Founded thanks to royal and seigneurial donations, the commanderies were the basic unit of the network of the Order of the Temple in the medieval West. It is a group of buildings but also the capital of a vast rural exploitation, in the heart of an agricultural, pastoral, wine-growing, forestry and mining estate, sometimes according to local specificities, and composed of houses, ancillary equipment (mills, ovens, presses, etc.) and villages over which the Knights Templar acted as lords. As the rear bases of the fighting troops in the East, the commanderies exploited these vast domains, a large part of whose annual profits were centralized at the headquarters of the province of France, the Enclos du Temple de Paris, in order to finance the war (responsions). This pattern does not apply in the Iberian Peninsula, the land of the Crusades, where the Temple had fortresses on the border of the Reconquista.
The commanderies were organized between the living buildings (commander’s residence, chapel, chapter house, refectory, brothers’ dormitory) and the agricultural buildings. They were inhabited mainly by black brothers (or brother sergeants), mostly from peasant backgrounds, and led by a few white brothers, including the commander, who came from aristocratic backgrounds.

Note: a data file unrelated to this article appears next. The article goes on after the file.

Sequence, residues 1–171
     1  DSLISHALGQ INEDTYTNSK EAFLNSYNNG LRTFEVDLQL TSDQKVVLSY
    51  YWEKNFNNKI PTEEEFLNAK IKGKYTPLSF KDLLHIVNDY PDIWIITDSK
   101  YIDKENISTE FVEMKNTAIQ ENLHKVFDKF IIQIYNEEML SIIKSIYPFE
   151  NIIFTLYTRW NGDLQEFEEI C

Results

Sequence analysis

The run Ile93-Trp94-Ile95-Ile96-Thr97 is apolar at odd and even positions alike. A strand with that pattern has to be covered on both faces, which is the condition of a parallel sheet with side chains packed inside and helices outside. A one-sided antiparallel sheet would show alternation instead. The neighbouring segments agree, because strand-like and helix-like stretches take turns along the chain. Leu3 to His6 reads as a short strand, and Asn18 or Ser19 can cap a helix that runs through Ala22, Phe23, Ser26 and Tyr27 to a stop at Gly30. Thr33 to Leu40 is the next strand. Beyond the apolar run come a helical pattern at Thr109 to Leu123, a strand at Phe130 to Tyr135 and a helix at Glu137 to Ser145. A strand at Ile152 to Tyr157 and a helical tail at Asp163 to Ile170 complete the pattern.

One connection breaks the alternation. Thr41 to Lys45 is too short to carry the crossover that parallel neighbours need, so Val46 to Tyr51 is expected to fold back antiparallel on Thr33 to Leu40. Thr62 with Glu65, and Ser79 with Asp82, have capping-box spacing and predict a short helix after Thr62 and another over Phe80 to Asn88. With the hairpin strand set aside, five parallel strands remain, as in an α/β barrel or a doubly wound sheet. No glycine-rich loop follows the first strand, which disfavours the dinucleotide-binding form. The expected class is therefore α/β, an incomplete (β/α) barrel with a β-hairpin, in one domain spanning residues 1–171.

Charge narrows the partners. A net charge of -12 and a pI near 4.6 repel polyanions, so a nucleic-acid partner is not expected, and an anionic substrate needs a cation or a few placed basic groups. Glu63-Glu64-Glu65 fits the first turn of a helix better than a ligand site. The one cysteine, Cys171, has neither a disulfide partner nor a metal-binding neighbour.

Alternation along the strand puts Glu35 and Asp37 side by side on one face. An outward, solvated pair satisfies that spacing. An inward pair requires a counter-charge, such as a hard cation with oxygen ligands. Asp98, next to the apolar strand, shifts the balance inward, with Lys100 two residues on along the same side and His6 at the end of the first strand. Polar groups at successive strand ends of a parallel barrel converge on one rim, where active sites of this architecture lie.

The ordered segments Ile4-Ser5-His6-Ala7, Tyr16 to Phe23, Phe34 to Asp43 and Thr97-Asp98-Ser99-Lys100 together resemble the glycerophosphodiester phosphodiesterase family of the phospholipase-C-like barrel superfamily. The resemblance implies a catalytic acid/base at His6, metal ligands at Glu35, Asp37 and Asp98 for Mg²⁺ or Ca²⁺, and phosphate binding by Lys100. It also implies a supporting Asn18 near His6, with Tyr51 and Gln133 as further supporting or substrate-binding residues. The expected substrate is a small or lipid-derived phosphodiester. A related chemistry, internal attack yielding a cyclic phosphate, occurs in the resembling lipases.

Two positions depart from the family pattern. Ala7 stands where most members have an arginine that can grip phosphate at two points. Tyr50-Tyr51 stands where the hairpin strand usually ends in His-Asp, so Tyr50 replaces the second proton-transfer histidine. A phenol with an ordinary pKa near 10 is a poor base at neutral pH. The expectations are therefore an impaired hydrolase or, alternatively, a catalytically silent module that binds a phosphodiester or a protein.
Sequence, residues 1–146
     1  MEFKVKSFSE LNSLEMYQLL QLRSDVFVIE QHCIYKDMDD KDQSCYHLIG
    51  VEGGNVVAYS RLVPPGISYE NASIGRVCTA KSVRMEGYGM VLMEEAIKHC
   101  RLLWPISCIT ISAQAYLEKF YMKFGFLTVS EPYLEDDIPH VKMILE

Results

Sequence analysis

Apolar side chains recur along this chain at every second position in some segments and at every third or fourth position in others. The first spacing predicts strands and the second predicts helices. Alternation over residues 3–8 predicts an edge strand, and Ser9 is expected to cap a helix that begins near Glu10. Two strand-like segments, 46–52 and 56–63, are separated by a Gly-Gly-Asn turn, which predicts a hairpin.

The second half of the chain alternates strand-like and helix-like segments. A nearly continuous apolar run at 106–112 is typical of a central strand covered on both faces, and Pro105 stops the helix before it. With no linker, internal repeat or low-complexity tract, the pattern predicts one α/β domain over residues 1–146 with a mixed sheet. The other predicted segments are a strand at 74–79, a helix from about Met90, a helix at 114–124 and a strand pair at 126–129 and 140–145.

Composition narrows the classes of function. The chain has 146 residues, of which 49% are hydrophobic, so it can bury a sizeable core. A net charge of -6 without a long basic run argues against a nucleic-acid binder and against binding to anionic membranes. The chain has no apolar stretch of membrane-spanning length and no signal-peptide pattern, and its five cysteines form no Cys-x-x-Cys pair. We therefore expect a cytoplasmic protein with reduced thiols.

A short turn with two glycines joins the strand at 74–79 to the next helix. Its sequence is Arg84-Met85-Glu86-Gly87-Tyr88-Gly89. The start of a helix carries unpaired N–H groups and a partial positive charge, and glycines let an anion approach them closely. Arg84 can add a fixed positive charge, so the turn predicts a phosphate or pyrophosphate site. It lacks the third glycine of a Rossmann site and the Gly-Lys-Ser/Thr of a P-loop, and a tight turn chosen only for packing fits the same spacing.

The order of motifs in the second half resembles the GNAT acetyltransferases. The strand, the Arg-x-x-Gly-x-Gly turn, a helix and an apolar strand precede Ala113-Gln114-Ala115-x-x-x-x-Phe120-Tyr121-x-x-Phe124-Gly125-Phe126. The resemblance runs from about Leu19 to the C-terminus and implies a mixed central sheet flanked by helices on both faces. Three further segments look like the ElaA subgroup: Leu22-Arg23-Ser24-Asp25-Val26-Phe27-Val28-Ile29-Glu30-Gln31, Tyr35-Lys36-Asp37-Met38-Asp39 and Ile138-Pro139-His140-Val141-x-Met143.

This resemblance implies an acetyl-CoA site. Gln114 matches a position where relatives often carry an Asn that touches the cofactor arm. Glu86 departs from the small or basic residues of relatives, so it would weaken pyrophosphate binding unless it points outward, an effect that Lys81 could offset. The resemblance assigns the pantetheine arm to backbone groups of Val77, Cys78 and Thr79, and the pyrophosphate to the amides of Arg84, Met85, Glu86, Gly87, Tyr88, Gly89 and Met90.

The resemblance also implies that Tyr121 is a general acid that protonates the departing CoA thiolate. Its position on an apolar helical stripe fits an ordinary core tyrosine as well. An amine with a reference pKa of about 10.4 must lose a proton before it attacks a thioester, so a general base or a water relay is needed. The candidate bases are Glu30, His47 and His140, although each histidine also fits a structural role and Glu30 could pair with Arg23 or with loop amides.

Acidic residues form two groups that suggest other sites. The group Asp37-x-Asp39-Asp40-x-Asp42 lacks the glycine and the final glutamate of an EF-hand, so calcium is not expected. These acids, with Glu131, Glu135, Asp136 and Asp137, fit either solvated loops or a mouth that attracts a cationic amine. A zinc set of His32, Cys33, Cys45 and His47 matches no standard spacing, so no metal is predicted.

The commanderies, which can be estimated to number about a thousand, constituted between the middle of the 12th and the beginning of the 14th centuries a considerable economic and seigniorial network which, along with the convents of other monastic orders, shaped the landscapes of Europe. In France, the commanderies of Sainte-Eulalie-de-Cernon in Larzac, Avalleur in Champagne, Coulommiers in Brie and Arville in the county of Blois remain concrete examples of prosperous establishments.